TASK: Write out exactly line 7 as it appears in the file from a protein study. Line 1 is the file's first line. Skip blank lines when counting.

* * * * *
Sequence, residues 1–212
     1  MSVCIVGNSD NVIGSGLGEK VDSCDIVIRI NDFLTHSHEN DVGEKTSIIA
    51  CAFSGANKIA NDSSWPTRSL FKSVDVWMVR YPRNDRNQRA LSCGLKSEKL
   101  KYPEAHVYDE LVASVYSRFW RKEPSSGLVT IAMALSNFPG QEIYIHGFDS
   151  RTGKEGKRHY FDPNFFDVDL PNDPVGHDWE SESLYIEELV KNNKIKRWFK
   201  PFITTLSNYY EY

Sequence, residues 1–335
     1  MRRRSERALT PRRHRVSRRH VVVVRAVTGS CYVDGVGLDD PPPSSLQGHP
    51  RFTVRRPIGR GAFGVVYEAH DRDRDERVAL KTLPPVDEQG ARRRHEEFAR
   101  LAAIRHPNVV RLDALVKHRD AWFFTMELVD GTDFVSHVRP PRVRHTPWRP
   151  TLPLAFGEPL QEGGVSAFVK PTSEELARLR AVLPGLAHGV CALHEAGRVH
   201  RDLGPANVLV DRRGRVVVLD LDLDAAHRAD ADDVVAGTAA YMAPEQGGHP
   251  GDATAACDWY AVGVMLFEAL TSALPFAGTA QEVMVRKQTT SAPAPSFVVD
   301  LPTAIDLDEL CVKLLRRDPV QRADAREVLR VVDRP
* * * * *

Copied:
Sequence, residues 1–335